This is an upper/lower split. Ideally, you want 1-2 days rest between
upper/lower sessions. So for example you could train Monday/Tuesday
and Thursday/Friday. Or Monday/Tuesday and Friday/Saturday. Don’t
be afraid of mixing up the days in another order depending on your
schedule. One of the perks of training with this split is the amount of
freedom you have for variability for other life events, hobbies, work, and
so on. The biggest thing to keep in mind is that you want at least 48
hours before training the same muscle group again.
As already stated, per a recent meta-analysis, we know that training
each muscle group via 10 sets or more per week is better than less than
10 sets per muscle group per week for maximizing muscle growth. The
top limit we don’t know, as it hasn’t been studied enough yet. What we
do know there is a dose response relationship between volume and
hypertrophy, to a point. There is data showing that after a certain point,
doing too much volume can actually hinder growth.
This is partly why training each muscle twice per week is shown to be
superior to once a week. Since to accumulate enough volume in just one
session to maximize hypertrophy for the week, one would actually slow
down hypertrophy, as strange as that sounds; as one study showed that
5 sets per muscle group per session was superior to 10 sets. Indeed, one
can do too much in one session. One can also do too much within the
For the record, I am not listing references in this PDF for studies or
research I mention. I list references on my Instagram and Website as well
as speak further on the topics on there if you’re interested in learning
more behind that.
One thing we know about volume is that it is very individual. Some folks
can get by on less and others need more to grow at the same rate. This is
also dependent on training age, gender, and other factors. As ones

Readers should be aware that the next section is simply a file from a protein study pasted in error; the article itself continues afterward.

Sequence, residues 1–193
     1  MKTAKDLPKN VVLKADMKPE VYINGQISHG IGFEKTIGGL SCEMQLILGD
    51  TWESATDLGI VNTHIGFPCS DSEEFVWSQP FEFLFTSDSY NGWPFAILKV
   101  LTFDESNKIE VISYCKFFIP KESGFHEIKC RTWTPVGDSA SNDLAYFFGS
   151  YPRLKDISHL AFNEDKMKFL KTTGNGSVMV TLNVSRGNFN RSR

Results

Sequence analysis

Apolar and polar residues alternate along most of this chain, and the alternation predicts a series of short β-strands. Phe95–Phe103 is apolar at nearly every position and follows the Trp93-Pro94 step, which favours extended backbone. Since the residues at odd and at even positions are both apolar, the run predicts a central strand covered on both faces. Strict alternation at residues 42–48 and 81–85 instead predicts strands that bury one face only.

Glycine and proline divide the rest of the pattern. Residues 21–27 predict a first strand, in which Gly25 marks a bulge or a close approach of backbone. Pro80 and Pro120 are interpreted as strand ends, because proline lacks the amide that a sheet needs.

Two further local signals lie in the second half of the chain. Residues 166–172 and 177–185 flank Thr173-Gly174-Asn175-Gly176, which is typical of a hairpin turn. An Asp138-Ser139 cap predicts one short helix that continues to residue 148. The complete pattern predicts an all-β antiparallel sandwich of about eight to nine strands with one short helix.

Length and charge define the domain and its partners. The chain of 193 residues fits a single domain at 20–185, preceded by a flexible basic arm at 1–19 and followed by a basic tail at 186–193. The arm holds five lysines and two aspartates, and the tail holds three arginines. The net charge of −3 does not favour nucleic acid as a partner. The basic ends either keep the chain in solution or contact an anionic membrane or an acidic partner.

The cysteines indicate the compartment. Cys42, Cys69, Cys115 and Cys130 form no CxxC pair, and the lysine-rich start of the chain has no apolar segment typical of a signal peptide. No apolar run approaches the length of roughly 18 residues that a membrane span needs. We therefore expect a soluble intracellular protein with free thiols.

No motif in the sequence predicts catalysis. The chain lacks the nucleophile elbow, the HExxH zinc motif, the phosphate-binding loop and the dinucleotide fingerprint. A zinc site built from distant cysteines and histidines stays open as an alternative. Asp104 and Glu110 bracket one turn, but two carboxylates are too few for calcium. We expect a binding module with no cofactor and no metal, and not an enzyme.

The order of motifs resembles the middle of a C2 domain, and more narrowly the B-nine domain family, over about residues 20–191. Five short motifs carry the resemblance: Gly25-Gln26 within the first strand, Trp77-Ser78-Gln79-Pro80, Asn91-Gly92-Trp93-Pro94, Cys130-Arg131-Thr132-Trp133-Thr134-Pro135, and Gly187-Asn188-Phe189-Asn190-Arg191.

training age increases, one may be required to perform more volume. So
it is best to do only as much as needed in order to progress, as we
already said that doing more than necessary may only slow you down.
I know some people may think the amount of volume in this program is
not enough, but resist the urge to do more. More often than not, most
people will be able to progress on this amount prescribed. I know a lot
of people who do double the amount of volume in here, but their sets
stop too soon, meaning far from failure. In this program, we train very
close to failure (at least 3 reps prior to it).
When choosing an exercise you have to keep in mind the practicality
aspect. Since this programs primary objective is building muscle, you
can choose any exercises you wish. However, we do have our main 3
lifts where we progress based on percentages (more on this later).
These 3 are a squat, bench, and deadlift. You can choose any of the
following in the list below for your main lifts, as it doesn’t have to be a
certain variation of those. Remember, no exercise is essential when it
comes to building muscle; progressive tension overload is what we’re
So pick movements you enjoy, that you can feel the targeted muscle, and
that are sustainable for you. If squatting is hurting your knees but leg
pressing doesn’t, then just leg press. Yes, you should definitely look into
perfecting your squatting technique by reading, watching, observing,
learning, and seeking out a qualified coach; as you may be doing
something wrong that’s causing you pain. But, don’t pick a movement as
your main one for progressing when it’s causing you pain.
When it comes to how many movements per muscle group, I
recommend picking 1-2 and sticking with them. So for example, you will
do a row twice weekly, so you could have one exercise for both days, or
one for each day. But don’t swap them out frequently for the sake of